People’s Courts are the need of the hour

Justice Markandey Katju-

Justice Markandey Katju

Markandey Katju is a former Judge, Supreme Court of India, and former Chairman, Press Council of India. The views expressed are his own.

The outrageous and illegal arrest of Disha Ravi, Dr Kafeel Khan, Safoora Zargar, and many others, including Indian media persons, who legitimately exercised their Constitutional democratic right of freedom of speech and expression and criticized the government, makes it incumbent on the people of the country to set up People’s Courts.

These dastardly, fascist acts are done shamelessly by the police, on instructions of their political masters, with impunity, and with the Indian judiciary, the much flaunted ’Custodians of the Constitution’ and ‘Guardians of the Rights of the People’ usually turning Nelson’s eye on them, and behaving like Bheeshma Pitamah who saw the disgraceful, public disrobing of Draupadi, but did nothing ( see my article ‘All the times the Supreme Court turned Nelson’s eye to injustice’ published in ).

These People’s Courts will not be set up by Parliament or the state legislatures, but by the people themselves, using their creativity. They must try the policemen who authorize and carry out these illegal arrests and detentions, as well as their political masters who gave them such orders, and then award them harsh punishment, to be executed in the manner the people themselves decide.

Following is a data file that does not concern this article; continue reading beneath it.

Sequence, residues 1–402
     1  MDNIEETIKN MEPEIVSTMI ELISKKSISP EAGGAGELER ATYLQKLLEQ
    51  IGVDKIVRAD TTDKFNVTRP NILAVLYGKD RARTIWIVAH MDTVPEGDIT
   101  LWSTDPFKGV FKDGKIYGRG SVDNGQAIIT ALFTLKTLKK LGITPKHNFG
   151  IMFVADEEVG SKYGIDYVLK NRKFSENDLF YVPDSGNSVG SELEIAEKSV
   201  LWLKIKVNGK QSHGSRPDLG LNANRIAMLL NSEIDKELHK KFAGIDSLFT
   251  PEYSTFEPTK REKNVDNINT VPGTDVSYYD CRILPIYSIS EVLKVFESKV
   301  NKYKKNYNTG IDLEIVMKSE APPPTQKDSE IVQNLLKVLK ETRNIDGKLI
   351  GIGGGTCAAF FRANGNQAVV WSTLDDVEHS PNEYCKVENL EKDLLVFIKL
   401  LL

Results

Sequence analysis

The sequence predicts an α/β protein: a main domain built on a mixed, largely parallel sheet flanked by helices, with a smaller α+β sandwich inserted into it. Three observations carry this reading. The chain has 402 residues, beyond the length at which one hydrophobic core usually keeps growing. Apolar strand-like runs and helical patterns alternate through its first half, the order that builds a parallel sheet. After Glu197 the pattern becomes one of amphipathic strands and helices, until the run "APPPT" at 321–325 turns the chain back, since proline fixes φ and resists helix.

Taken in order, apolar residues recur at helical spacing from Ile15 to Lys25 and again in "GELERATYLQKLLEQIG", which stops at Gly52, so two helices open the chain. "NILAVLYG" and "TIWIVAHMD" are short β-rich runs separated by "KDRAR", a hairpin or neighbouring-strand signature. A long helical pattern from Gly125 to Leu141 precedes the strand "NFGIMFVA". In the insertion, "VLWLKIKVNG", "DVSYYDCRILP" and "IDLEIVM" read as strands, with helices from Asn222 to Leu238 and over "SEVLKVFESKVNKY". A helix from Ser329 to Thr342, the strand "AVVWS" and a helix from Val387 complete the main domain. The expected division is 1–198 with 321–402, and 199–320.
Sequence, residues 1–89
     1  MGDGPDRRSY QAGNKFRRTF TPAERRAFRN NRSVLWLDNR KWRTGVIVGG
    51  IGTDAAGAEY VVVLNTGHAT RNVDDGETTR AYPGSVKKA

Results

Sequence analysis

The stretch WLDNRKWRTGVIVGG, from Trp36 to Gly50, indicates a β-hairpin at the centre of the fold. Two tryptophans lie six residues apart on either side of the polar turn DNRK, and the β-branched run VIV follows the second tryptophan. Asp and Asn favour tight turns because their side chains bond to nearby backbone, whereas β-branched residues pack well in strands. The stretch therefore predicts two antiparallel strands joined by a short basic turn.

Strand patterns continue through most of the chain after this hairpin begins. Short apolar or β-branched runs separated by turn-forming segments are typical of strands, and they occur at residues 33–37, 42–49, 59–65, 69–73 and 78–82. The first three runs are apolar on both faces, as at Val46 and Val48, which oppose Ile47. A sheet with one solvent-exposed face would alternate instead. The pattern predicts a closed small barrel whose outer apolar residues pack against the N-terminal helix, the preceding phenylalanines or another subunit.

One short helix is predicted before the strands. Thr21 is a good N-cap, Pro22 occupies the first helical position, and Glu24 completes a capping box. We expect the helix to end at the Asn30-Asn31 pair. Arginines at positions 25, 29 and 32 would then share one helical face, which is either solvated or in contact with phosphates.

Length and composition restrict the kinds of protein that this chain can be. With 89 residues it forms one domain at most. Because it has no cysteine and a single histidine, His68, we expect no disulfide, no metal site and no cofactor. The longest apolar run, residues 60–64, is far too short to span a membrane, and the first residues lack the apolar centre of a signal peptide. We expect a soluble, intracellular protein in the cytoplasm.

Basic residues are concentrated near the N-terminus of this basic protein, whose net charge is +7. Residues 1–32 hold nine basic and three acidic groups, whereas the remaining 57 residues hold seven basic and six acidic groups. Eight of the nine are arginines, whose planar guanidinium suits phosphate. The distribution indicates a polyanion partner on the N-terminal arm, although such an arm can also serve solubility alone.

There is no other way to stop these brazen official atrocities and illegalities.


India professes to be a democracy, and its Constitution declares it to be so, with freedom of speech, individual liberty, equality, religious freedom, and secularism all ‘guaranteed’ by Part III, the chapter relating to fundamental rights of the people.

But what is the ground reality today? In my article ‘Why celebrate Republic Day when the Constitution has become a scarecrow’ published in I have stated that the Indian Constitution now exists only on paper, and all rights of the people are now non-existent.

In Romesh Thapar vs State of Madras, 1950, a decision given by the Supreme Court a few months after the promulgation of the Constitution, it was held that in a democracy people had the right to criticize the government. But what is the situation in India today? Today even the slightest criticism of the government is dangerous and may lead to arrest and incarceration in jail for long periods on trumped-up charges of sedition, etc, ( with the judiciary doing nothing about it ), as explained in my articles ‘The litmus test for free speech’ published in, ‘Bhima Koregaon–A 1925 US case has some lessons for the Supreme Court’ published in, ‘Sharjeel Imam’s speech is not a crime’ published in, ‘The right to criticize–the sedition judgment on Kishorechandra Wangkhem’ published in, ‘Kafeel Khan’s detention under NSA is illegal’ published in the, ‘An odd pitch to curb freedom of speech’ published in, etc.

What was Disha Ravi’s ‘crime’? That she used a toolkit in support of the present ongoing Indian farmers’ agitation. But such toolkits are commonplace in social media during agitations and protests all over the world, and surely can be used in a democracy.

The question, however, is whether India is still a democracy, as it professes to be, or whether it has descended to the Dark Ages, as happened to Germany in 1933 when Hitler and the Nazis came to power. The answer is before us all to see.